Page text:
Exercise To Lower Blood Pressure
Updated: May 29
How I brought my blood pressure to 120/80 with exercise, why everyone can do it and how to start
Can you lower hypertension with lifestyle changes (no meds)?
It is common knowledge that high blood pressure increases the risk of CVD (cardiovascular disease) and stroke. High blood pressure is medically known as hypertension.
Yes, one can definitely reduce hypertension with stress management, physical exercise and nutrition changes. I know it first hand. My doctor advised me to start with calming activities (breathing exercises, meditation), add moderate aerobic exercise and progress with time to short High Intensity Interval Exercise (HIIT). This approach helped me to fix blood pressure in less than a year.
5 Step plan to exercise to lower blood pressure
IMPORTANT: Talk to your doctor before starting a new fitness program and agree how to integrate it into your overall treatment plan.
Step 1. Make Exercise Fun
Benefits of exercise can be achieved with moderate intensity workouts of just 30 minutes a day. Walking, riding a bike with the kids or doing housework are all exercises for lower blood pressure and a good start .
I admit, I started exercising at the age of 48 not for fun reasons. My doctor really scared me. He said that unless I change my lifestyle and start exercising, I will soon develop a CVD. I started from walking and then jogging for 20-30 min after work every day in a nearby park.
I saw improvements in BP readings after two weeks and approximately at that time I actually started to enjoy this exercise to low blood pressure. These runs gave me an opportunity to calm down after work, reflect on my day and enjoy family dinners after that.
Step 2. Find a program or coach you trust
It doesn’t necessarily mean that you need to sign for a gym. The benefits of having a coach are safety and encouragement. Your doctor can provide you with initial coaching advice to exercising to lower blood pressure. You may want to download one of the fitness mobile apps or online fitness program. Read reviews carefully to make sure that you are engaging with a trustworthy program.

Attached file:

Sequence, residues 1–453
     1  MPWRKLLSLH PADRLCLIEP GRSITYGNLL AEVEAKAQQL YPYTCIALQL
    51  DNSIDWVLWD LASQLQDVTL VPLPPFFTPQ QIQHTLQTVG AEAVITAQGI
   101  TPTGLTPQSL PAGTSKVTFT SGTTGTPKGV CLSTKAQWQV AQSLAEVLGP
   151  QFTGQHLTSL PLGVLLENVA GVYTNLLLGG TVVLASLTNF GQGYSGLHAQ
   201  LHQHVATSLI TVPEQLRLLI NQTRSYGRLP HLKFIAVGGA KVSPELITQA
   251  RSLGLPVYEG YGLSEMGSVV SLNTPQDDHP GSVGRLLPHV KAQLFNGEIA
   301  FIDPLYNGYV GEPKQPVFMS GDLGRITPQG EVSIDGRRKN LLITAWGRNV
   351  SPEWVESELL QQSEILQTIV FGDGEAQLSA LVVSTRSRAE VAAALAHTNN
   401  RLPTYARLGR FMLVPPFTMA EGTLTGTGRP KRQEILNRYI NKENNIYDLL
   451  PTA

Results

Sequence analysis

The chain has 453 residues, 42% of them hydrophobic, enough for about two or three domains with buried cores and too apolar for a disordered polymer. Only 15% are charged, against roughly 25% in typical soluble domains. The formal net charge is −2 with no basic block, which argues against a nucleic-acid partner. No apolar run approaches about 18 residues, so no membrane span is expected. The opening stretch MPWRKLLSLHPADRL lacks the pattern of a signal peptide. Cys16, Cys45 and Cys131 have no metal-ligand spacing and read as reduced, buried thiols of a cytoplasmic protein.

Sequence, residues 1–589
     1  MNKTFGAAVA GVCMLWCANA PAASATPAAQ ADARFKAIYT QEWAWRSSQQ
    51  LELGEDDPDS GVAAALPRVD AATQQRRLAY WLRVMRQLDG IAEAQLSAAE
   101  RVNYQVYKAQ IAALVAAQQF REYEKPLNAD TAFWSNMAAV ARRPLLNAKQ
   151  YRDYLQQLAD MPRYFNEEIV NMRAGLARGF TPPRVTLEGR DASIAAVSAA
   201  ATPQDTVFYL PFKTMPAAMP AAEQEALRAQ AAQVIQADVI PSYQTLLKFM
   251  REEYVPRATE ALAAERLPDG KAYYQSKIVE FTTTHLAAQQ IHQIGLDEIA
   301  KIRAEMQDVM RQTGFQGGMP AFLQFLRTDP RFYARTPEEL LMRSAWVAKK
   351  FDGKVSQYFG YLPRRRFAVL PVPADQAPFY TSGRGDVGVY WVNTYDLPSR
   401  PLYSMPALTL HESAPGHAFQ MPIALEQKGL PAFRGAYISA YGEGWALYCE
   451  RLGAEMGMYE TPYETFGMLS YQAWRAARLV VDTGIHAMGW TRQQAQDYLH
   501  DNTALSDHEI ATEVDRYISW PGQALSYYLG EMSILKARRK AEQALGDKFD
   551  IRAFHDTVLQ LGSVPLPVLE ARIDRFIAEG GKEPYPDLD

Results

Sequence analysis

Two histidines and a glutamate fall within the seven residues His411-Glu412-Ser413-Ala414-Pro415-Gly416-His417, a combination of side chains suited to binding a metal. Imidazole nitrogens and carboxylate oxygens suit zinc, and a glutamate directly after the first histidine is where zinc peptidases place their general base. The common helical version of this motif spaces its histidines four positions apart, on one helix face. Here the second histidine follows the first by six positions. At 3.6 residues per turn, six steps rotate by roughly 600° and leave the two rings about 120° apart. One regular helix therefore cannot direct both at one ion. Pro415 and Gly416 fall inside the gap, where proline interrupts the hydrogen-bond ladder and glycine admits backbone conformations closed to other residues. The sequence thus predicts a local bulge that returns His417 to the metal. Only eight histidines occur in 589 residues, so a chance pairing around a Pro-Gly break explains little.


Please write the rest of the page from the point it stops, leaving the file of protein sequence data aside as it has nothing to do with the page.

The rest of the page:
Your routine should be developed based on your underlying health and current capability. I was lucky as a friend introduced me to an experienced coach 5 years older than me. He understood well specifics of working with mature clients with health challenges. Together we built a training plan which was challenging but at the same time helped me to avoid injuries and overtraining.
Step 3: Start gradually
If you haven't exercised in a while, start slowly with lowering blood pressure exercises to prevent injuries. Begin with 15-30 minutes of exercise which you really like, such as walking in nature. Gradually increase the duration and pace, i.e. move from walking to slow jogging.
Most likely over few weeks you will observe that your blood pressure is getting lower. Sometimes moderate-level aerobic activities, such as brisk walking for 30 minutes a day, may be enough to decrease medications.
Exercise itself can reduce blood pressure readings by as much as 5-15 mmHg. Update your doctor regularly on the progress you make with exercise for high blood pressure so she could adjust your medications accordingly.